The Root System of Oak Trees
The majestic oak, symbol of power and longevity across multiple cultures, is ubiquitous across North America. Although there are dozens of species of oaks, oak trees (Quercus spp.) break down into two general categories: red oaks and white oaks. The red oak is a faster-growing tree, but the white oak will become larger over the decades.
All mature oaks have massive root systems that support their equally massive aboveground girth. Oaks usually grow deep taproots, but sometimes, especially in urban settings, an oak instead spreads its roots horizontally across a large area. The root structure of an oak tree must be protected for the oak to thrive.
How Acorns Become Oak Trees
So emblematic of birth and potential, the acorn holds within it all the magic that a new oak seedling needs to sprout and begin to develop. Aboveground, a new oak seedling may appear fragile and slow growing, because all the action is occurring underground in the root system.
The first thing that happens is that the acorn produces a taproot that begins to dive deep into the soil. After one season, this taproot is about 18 inches long and 1 1/2 inches in diameter below the surface. Lateral, i.e., supplementary, roots develop from the taproot. If the taproot is damaged, one of these will take its place, diving vertically into the soil.
The Root Structure of an Oak Tree
As oaks mature, the taproot may become damaged, usually by soil compaction, too much moisture or other environmental factors. This does not compromise the tree's health; instead, it causes it to hasten the development of stronger lateral roots. In fact, a very mature oak will have developed more prominent lateral roots than a taproot, whether the taproot has been damaged or not.
In fact, the oak root system eventually becomes more horizontal than vertical, as the roots continue to reach far beyond its canopy, sometimes as much as 90 feet beyond, although most experts peg this as one-third larger than the area under the canopy. For example, if the canopy spreads 50 feet, the roots may extend beyond the canopy about one-third its size, or another 15 or so feet on all sides.
The majority of the roots on a mature oak may be only as deep as 4 feet or so. They may also penetrate the surface, growing thick lateral roots that are visible and quite large. This is normal, and you should not disturb them.
The fine root system develops from these large lateral roots, forming a dense root mass that grows within a 4-foot depth under the soil's surface. The fine roots are responsible for absorbing nutrients and moisture from the soil.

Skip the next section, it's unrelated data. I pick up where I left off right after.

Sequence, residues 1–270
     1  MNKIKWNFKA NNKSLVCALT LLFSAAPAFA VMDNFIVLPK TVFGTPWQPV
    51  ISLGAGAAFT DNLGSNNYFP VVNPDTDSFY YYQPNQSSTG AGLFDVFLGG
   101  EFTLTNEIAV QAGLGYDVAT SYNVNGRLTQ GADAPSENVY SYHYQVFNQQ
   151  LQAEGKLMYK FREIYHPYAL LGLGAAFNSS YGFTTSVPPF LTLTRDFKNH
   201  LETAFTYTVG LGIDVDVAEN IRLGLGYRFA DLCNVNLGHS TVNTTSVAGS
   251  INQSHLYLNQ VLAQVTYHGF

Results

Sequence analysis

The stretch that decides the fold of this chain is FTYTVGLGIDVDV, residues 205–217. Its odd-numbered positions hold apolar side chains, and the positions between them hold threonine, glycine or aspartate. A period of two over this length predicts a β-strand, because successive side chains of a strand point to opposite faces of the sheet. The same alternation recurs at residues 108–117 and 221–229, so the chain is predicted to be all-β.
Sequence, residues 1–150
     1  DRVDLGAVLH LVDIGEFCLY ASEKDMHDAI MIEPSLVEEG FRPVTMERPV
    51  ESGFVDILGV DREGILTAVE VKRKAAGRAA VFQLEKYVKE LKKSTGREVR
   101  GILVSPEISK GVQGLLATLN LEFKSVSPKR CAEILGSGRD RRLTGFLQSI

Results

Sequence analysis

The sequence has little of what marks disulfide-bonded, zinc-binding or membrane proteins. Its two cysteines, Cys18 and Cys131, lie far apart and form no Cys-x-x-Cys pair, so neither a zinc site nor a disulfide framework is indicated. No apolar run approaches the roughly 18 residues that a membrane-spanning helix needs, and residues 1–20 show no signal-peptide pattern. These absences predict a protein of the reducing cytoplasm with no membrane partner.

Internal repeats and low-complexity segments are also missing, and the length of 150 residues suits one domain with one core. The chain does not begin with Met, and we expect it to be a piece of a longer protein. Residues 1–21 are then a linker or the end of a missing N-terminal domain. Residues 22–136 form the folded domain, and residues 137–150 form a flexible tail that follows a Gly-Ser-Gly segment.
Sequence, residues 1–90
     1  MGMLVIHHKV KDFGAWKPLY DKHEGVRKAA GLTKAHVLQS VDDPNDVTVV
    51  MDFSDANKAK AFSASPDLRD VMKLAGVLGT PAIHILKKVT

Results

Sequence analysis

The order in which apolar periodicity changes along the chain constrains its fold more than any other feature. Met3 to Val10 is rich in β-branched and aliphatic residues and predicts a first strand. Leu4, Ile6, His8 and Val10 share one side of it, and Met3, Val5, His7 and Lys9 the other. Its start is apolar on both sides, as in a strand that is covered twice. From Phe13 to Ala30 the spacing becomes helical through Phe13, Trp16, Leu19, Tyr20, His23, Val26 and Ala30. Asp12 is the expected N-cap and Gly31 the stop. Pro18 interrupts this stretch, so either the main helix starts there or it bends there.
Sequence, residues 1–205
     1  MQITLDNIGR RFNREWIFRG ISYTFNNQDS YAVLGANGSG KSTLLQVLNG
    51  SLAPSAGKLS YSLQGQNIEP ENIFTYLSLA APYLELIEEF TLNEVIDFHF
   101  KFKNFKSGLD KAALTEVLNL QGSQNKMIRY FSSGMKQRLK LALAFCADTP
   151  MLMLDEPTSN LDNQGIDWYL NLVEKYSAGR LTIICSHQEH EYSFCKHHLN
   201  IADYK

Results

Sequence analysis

Never plant landscape plants that require irrigation underneath a mature oak tree that has never been irrigated. It invites fungal infection and is a common cause of oak tree death.
Protecting the Oak's Roots
The key to a healthy oak is its root system. Oak trees, especially in the home landscape, are susceptible to root damage. Because its root system is critical to its health, protecting damage to this majestic tree's root system is paramount.
The Root Protection Zone
Consider that the root system extends far beyond the canopy, as stated, sometimes as much as 90 feet beyond it. Within this zone, which actually has a name, it is that important—it's called the "root protection zone (RPZ)"—do no harm. Don't mulch heavily, don't grade or trench, don't disturb the roots when trying to incorporate landscape plants. Above all, don't apply asphalt or cement over any area within this zone. Avoid parking heavy vehicles and even excess foot traffic.
Oak tree roots often rise above the surface of the soil, which is normal and for very mature oaks.
Why Do Oak Tree Roots Come to the Surface?
If you notice roots coming to the surface, don't worry, because it's typical for the roots of mature oaks to buckle the soil and rise above it, sometimes several inches. They are usually seeking oxygen in locations where the topsoil is not quite deep enough or erosion has occurred.
This area is, however, the most vulnerable to damage so don't try to cover these exposed roots with mulch or add soil and plant grass on top.
There's nothing you can do if you have moved to a home with an existing oak tree, and it's crowding the house. But if you are planting an oak, or building a new structure where an existing oak is planted, aim for a minimum of 20 feet from the structure. Even though an oak tree's roots may eventually range far out of that circumference searching for nutrients and moisture, these extended lateral roots are unlikely to crack a foundation.
The issue of irrigation is also important. Oak trees in their natural habitat can withstand drought and relatively dry conditions.
If you begin to irrigate around a mature oak that has never seen irrigation before, you are likely to create conditions that allow fungus to thrive, which can eventually kill the tree.
- University of Florida IFAS Extension: Quercus Alba - White Oak
- Treehugger: Guide to Common Oak Trees of North America
- University of California Integrated Hardwood Management Program: Living Among the Oaks
- Harvard University Forest Paper: Development of the Root System of Northern Red Oak
- Town of Oakland, Florida: Oak Tree Care
- The Urban Foresters: How to Plant a Live Oak Tree in Texas
- Houston Area Urban Forestry Council: Tree Planting Guide
I garden in the Pacific North west, previously Hawaii where I had an avocado orchard. I have a Master Gardeners certificate here in Eugene, Oregon.